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10 Great Gospel Discs


Tom Mathew

The Ten Best Gospel Music CDs of All Time!
Before you take a look at my list of the top 10 gospel CDs of all time, I have a small confession to make. I don't like modern gospel music. There, I said it. For me, gospel music died around 1960. Up until then, the black church was one of the most influential forces in American popular music. It spilled out into all sorts of different genres, and in some cases served as a driving force behind the emergence of brand-new musical forms — like soul, funk, doo wop, and rock 'n' roll.

But by around 1960, most of the innovative performers that were coming out of the church — like James Brown, Sam Cooke, and Aretha Franklin — were opting for the money and fame of secular music. And as a result, gospel music, which was once such a rich source of musical ideas and innovation, became derivative of many of the same secular forms that once followed the gospel lead.

OK, there's my explanation. I realize there are a great many people out there that would vehemently disagree with me, but that's my story and I'm sticking to it. So, without further ado, this is my top ten list of what some might call "roots" religious music or something like that … but I call it the best gospel albums EVER!

10. Kings of the Gospel Highway: The Golden Age of Gospel Quartets — Various Artists (Shanachie 2000)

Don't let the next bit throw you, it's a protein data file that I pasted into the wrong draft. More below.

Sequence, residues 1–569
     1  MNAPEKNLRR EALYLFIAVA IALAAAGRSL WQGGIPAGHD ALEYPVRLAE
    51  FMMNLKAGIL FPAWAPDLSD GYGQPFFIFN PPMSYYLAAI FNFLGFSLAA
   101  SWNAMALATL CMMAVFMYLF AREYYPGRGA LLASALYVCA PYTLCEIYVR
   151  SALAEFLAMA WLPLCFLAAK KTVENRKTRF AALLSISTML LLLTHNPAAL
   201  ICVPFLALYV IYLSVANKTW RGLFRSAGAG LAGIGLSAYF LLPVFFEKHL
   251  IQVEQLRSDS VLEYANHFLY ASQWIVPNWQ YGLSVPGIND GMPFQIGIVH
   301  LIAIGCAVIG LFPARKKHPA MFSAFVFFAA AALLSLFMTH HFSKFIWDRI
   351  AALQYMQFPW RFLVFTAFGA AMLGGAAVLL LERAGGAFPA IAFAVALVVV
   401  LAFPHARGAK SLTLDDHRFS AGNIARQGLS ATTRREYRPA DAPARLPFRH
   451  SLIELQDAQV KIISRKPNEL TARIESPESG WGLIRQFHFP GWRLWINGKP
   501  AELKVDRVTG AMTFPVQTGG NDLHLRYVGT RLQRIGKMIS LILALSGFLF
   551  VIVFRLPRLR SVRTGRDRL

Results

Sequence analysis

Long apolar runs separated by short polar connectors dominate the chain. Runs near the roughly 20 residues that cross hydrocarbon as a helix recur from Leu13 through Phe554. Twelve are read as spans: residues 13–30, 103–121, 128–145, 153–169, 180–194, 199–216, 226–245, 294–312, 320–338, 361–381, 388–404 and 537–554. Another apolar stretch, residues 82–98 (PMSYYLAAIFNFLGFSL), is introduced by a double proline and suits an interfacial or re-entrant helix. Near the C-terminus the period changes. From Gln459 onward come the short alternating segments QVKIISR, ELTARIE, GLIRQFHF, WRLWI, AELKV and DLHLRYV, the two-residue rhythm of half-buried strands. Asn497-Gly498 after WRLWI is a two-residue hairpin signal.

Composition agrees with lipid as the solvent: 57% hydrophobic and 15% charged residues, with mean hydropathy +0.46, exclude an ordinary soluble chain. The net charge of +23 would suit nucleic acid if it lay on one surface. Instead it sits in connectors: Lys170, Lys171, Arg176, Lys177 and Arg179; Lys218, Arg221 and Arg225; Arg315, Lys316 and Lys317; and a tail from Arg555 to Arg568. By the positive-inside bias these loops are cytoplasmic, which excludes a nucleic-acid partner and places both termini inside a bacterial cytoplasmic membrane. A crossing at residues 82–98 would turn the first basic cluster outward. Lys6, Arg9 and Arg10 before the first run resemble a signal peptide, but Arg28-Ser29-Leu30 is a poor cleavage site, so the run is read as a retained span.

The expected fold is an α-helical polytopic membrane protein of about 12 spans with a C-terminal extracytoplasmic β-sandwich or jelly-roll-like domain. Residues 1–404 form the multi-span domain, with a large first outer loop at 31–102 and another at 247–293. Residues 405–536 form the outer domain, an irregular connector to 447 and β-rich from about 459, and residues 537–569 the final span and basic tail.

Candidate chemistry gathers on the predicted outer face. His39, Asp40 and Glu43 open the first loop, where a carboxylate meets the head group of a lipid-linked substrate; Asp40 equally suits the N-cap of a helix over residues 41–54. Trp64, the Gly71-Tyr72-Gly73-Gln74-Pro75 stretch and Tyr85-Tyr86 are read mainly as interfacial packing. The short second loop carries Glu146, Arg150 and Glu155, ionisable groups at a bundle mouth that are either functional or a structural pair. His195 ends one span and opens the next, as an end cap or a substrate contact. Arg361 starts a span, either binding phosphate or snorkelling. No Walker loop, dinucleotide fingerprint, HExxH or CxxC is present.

If you want to get a great overview of the finest black gospel vocal groups from the heyday of the genre, this is the one to get. With songs carefully chosen by writer and researcher Anthony Heilbut, this collection represents the dominant musical styles of close-harmony gospel singing during the 1940s and 1950s.

For that hard-driving, shouting gospel sound, there's the Five Blind Boys of Mississippi, the Sensational Nightingales, and the Spirit of Memphis. For silky smooth falsetto crooning, you get the Swan Silvertones with their lead singer Brother Claude Jeter. For intricate group vocal arrangements and dual lead interchanges, you get the Pilgrim Travelers. And for perhaps the finest of all the gospel quartet leads, there's the Soul Stirrers featuring the unparalleled vocal flights of lead tenor R.H. Harris, whose masterful style and technique would influence virtually every gospel singer to follow, including Sam Cooke.

Most of these songs come from relatively rare 78s, so there is surface noise on almost every track. But they've done a terrific job limiting the noise without sucking the life out of the music. My only minor gripe with this collection is the exclusion of the Dixie Hummingbirds; but with a running time of over 70 minutes, it seems like they simply ran out of room.

HIGHLIGHT(S): With a collection so varied (and spectacular!) as this one, it's difficult to pick a favorite moment. The Five Blind Boys' earth-shaking rendition of Will My Jesus Be Waiting? is the most ferocious quartet recording I've ever heard (Archie Brownlee is a monster!). And Claude Jeter?s falsetto opening of the Silvertones' All Aboard is delicate and absolutely beautiful. But this collection's finest moment may be R.H. Harris's swinging improvisation at the close of the Soul Stirrers' Does Jesus Care?. You'll have to hear it to believe it!